Take a deep breath. Oftentimes, the reason for sciatica during pregnancy is your pregnancy–simple as that. Usually, you didn’t do anything wrong; usually, there is nothing wrong with your baby when these symptoms creep up. During pregnancy, there are two main changes in your body that can temporarily put pressure on the sciatic nerve and cause sciatica symptoms to occur:
- An expanding uterus
- Your baby’s increasing weight.
An enlarged uterus and/or the increasing baby weight–normal and necessary biological changes during pregnancy–could be just the things causing pressure on your sciatic nerve. When your baby increases in size and weight, it is a sign of good health but it also foreshadows sciatica pain.
The Main Reason for Sciatica: Your Expanding Uterus
As your baby develops inside the womb, it gets bigger and bigger, needing more and more room, so it pushes against many areas of the body. Although the growing baby is most known for pressing against the bladder, accounting for pregnant women’s frequent trips to the bathroom, the increasing size of the baby also causes the uterus to enlarge and can therefore press against the mother’s sciatic nerve. Since the sciatic nerve runs under the mother’s uterus, the expanded uterus can now be large enough to touch the mother’s sciatic nerve. If your back pain is:
- 1. occurring in the lower back and is accompanied by pain in the buttocks and legs (usually on one side of the body)
- 2. during the end of your pregnancy (usually in the third trimester)
you may be experiencing sciatica pain due to your growing baby.
A Bigger and Heavier Baby: An Ideal Combination for Sciatica Pain
As your baby is getting bigger and expanding your uterus, it is also getting heavier. It is the combination of a now large and heavy baby that works against you towards the end of your pregnancy, making you more prone to sciatica pain. Near the end, your uterus has expanded so it can hold the growing baby. At this point, with the uterus already expanded closer to the sciatic nerve, the increased weight of your baby may be the icing on the sciatica cake, pushing your uterus down enough to not only rest on but apply pressure to the sciatic nerve. Hello sciatica symptoms!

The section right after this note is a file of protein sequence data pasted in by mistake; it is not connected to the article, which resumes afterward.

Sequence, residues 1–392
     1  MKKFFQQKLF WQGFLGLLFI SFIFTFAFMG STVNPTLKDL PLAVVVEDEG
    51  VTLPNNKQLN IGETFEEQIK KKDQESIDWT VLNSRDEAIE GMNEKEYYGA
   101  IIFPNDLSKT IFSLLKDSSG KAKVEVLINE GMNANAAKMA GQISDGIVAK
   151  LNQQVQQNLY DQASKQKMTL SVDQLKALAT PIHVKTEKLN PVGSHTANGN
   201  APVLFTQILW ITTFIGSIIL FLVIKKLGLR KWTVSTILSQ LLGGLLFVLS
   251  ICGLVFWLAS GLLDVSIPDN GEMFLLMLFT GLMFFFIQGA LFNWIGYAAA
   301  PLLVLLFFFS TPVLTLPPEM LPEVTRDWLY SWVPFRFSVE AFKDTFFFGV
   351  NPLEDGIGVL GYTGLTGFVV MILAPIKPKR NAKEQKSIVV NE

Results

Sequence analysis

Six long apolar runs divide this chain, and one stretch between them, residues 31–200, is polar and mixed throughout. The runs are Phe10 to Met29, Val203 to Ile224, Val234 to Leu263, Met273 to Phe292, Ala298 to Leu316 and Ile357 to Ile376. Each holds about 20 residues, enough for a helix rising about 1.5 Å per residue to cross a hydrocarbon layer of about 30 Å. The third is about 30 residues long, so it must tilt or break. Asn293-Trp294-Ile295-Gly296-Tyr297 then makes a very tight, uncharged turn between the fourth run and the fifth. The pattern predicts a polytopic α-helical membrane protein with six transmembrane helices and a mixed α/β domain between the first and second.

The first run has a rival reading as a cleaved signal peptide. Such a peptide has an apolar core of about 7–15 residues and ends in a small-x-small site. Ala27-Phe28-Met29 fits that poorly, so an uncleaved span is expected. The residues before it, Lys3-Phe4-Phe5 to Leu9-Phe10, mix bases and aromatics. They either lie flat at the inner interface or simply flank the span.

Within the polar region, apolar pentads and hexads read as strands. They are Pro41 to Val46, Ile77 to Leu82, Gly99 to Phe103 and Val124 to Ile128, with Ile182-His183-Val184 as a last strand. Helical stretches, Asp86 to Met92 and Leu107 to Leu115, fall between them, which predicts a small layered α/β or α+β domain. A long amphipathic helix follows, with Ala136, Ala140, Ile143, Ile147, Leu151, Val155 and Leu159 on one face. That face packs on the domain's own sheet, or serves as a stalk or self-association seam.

In this case, however, sciatic pain also delivers some good news: the fetus is growing and developing into a healthy baby–and it is almost time to give birth!
The More Babies, The Greater the Risk of Sciatic Nerve Pressure
Think about it. As you add more babies to the mix, your uterus must expand as well as hold more weight–the two main contributors to sciatic nerve pressure. Having twins–or triplets or quadruplets, etc–increases not only your chances of experiencing sciatic pain during pregnancy but also the amount of sciatic pain you experience.
Sciatica pain during pregnancy can also be caused by your baby’s position in the uterus or the mother’s pre-existing medical condition–both of which will be discussed more in-depth in other articles. But the good news is that if you have sciatica pain during your pregnancy, there are steps you can take to relieve this pain.